Joyce DiDonato: Into the Fire

Author: 
Edward Seckerson
90295 64219. Joyce DiDonato: Into the FireJoyce DiDonato: Into the Fire

Joyce DiDonato: Into the Fire

  • Schlichte Weisen, No. 2, Du meines Herzens Krönelein
  • Schlichte Weisen, No. 1, All' mein Gedanken, mein Herz und mein Sinn
  • (8) Lieder aus Letzte Blätter, No. 3, Die Nacht
  • Schlichte Weisen, No. 3, Ach Lieb, ich muss nun scheiden
  • (3) Lieder, No. 1, Traum durch die Dämmerung
  • Molto adagio
  • (3) Chansons de Bilitis
  • Camille Claudel: Into the Fire
  • (4) Lieder, No. 4, Morgen (wds. J H Mackay: orch 1897)
  • Silent Night

As if anyone needed reminding that Joyce DiDonato is nothing if not an intuitive stage animal, all of her recital projects are now carefully conceived as pieces of theatre in themselves, song choices shrewdly weighed and tested for their collective and accumulative effect. For this live Wigmore recital (which I imagine was repeated internationally) all paths lead to Jake Heggie’s dramatic song-cycle Into the Fire (written for her and the Alexander Quartet back in 2012) with preceding choices establishing tangential themes, common links and an assortment of moods.

Most strikingly, DiDonato and her collaborators here – the Brentano Quartet – carry the colour of voice and string quartet through the recital via familiar Strauss arranged by Mark Steinberg and Misha Amory (violinist and viola player of the Brentano four) and Debussy’s Chansons de Bilitis, arranged by Heggie himself. And the highest compliment I can pay all three of the arrangers is that it sounds as if those songs were conceived and swathed this way all along.

Strauss’s ‘Die Nacht’ is more of a shroud, it has to be said, DiDonato receding into its mystery and apprehension through an ever-whitening sound. Wigmore Hall encourages intimacy in her Strauss, her departure into ‘the land of love’ at the close of ‘Traum durch die Dämmerung’ (‘Dream in the Twilight’) magically invoking the ‘soft blue light’ which is all but visible in the closing chords.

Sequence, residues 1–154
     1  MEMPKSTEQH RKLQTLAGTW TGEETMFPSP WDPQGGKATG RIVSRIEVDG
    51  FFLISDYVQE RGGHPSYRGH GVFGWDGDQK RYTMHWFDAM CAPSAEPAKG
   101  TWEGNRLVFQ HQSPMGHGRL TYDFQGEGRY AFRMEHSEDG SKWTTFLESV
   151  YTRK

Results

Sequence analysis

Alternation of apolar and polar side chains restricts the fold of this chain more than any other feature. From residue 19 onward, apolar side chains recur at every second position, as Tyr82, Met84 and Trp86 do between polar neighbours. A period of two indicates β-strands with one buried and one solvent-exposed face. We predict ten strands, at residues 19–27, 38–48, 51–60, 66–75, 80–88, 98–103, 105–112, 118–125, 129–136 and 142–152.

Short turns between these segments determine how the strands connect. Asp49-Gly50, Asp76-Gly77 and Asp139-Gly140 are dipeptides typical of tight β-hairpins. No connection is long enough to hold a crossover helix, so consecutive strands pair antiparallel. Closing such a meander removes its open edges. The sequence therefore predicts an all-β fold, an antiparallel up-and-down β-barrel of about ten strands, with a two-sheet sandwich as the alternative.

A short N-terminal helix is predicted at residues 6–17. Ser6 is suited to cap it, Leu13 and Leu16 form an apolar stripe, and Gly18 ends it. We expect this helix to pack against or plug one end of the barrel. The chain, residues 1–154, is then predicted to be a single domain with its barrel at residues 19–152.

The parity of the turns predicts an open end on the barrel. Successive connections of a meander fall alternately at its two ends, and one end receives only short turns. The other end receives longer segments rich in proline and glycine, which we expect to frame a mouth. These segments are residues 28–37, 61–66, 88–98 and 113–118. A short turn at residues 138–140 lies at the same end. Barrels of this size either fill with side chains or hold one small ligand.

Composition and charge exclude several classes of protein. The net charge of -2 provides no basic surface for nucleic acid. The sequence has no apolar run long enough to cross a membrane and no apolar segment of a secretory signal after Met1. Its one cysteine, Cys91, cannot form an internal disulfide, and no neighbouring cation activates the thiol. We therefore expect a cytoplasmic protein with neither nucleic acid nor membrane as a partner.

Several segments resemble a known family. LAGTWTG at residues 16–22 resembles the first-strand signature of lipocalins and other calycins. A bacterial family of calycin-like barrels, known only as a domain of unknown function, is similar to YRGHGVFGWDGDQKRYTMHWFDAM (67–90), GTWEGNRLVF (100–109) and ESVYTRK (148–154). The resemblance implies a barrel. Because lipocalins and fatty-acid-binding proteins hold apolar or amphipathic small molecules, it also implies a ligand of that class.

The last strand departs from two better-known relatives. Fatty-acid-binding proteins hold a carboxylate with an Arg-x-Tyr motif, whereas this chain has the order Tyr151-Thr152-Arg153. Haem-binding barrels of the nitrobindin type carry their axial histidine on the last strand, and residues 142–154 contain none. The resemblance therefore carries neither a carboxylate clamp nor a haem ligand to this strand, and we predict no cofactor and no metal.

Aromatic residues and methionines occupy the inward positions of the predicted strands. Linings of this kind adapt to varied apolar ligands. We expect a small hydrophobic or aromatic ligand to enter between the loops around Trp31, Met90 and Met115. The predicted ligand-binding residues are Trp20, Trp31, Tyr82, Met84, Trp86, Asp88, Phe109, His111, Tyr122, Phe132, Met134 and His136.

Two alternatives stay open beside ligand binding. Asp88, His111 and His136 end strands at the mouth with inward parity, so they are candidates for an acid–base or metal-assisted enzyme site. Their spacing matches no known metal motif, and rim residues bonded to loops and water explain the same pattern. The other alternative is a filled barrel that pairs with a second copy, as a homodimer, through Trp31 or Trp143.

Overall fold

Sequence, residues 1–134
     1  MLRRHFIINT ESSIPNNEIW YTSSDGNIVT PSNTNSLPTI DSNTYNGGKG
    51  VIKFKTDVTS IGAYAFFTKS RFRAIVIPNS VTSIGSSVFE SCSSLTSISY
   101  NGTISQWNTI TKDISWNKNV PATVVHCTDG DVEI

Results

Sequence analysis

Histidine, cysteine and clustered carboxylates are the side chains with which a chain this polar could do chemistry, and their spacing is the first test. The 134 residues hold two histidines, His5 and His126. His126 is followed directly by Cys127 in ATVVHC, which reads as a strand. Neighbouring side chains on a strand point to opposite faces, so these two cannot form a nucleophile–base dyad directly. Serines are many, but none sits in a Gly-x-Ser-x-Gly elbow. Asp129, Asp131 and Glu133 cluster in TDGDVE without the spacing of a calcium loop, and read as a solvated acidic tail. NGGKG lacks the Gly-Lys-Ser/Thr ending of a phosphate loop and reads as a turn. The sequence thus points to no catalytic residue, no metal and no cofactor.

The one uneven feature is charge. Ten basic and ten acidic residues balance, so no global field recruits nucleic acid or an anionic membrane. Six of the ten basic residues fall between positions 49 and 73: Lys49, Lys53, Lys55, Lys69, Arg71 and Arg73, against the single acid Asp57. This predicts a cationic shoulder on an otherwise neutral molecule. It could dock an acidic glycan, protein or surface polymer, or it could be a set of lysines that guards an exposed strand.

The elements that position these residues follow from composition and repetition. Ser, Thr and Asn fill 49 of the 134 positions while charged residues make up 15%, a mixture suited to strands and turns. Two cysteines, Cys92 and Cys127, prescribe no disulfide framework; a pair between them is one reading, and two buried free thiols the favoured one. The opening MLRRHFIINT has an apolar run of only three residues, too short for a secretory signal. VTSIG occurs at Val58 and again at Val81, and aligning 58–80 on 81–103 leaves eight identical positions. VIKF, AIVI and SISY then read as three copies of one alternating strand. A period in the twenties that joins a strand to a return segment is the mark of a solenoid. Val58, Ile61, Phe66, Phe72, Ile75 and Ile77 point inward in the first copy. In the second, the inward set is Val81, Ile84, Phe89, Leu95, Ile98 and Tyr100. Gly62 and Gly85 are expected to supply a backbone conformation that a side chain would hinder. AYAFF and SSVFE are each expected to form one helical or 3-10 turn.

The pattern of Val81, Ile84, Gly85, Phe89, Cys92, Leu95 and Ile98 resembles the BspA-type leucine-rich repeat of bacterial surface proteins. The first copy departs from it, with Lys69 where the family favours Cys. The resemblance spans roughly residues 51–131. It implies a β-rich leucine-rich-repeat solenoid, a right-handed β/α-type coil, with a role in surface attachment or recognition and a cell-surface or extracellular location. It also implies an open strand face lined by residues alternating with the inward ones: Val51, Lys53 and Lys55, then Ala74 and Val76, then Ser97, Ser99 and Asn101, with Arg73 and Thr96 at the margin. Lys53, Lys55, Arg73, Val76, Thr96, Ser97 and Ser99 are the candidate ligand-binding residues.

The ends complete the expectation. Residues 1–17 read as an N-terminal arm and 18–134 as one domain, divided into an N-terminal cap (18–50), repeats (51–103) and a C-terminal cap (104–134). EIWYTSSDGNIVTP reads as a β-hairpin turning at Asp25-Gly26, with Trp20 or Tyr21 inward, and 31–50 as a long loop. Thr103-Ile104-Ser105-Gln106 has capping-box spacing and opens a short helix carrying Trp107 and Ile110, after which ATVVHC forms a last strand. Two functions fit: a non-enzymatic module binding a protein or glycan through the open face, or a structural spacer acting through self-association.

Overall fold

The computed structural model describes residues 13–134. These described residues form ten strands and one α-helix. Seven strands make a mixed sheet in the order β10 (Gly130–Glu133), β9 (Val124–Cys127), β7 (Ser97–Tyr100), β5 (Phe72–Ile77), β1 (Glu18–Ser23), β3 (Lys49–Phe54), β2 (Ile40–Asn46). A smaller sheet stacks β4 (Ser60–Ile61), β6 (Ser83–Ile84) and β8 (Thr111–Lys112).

But whose decision was it to retain applause at this point, where for the purposes of home listening a natural and breathtaking segue could have been achieved from the Strauss into the Belgian composer Guillaume Lekeu’s Molto adagio sempre cantante doloroso – a passionate elaboration on the words from Matthew’s Gospel, ‘My soul is exceedingly sorrowful, even unto death’ written when he was a mere 17 and only a handful of years away from death himself. There is profound kinship here with Camille Claudel, the hapless heroine of Heggie and Gene Scheer’s piece.

And Heggie plainly saw the curvaceous Frenchness of the Debussy songs as the perfect portal into his own cycle, possessed as they are of a shifting light that is entirely sculptural. Again, though, ruinous applause violates the atmosphere at the close.

In celebrating the tragic but significant life of the sculptor Rodin’s mistress and kindred spirit Camille Claudel, Heggie has found a music which is in perfect harmony with the way in which Claudel’s sculptures move, or rather dance. His great gift (as I have reiterated several times in these pages) is for finding the natural music of words and here he does so in an especially seductive and danceable way.

The erotic reverie of the opening song, ‘Rodin’, encapsulates Claudel’s conflicted feelings, at once sensuous and anxious. Love and regret. The theatrical climax in which she effectively shouts his name is immediately silenced by the sound of her speaking it once more – hushed and ambivalent. DiDonato catches that ambivalence perfectly. A feverish ‘La valse’ hearkens back to Debussy, who knew Claudel (though quite how well is a matter for speculation) and kept a copy of her famous sculpture of that name in his studio. Most heartbreaking of all is the lullaby, ‘Le petite châtelaine’, for Claudel’s aborted child.

She ended her life in an asylum and the inspired little scena which concludes Into the Fire recalls a visit Claudel received there from Jessie Lipscomb, an English artist with whom she had once shared a studio. ‘Every dream I ever had was of music’, Claudel tells her friend and Heggie’s music, with its hypnotic repetitions, underscores that sentiment just as it has done from the very start. This is a wonderful calling card for DiDonato. Small wonder she has become something of a muse for Heggie.

The applause at last feels appropriate and DiDonato’s two encores – Strauss’s ‘Morgen’ in another arrangement by Steinberg (where DiDonato doesn’t sound entirely comfortable to my ears) and a seasonal greeting (it was December 21) in Franz Gruber’s ‘Silent night’ (arranged by the Brentanos) – are still mindful of the evening’s dramatic turns.

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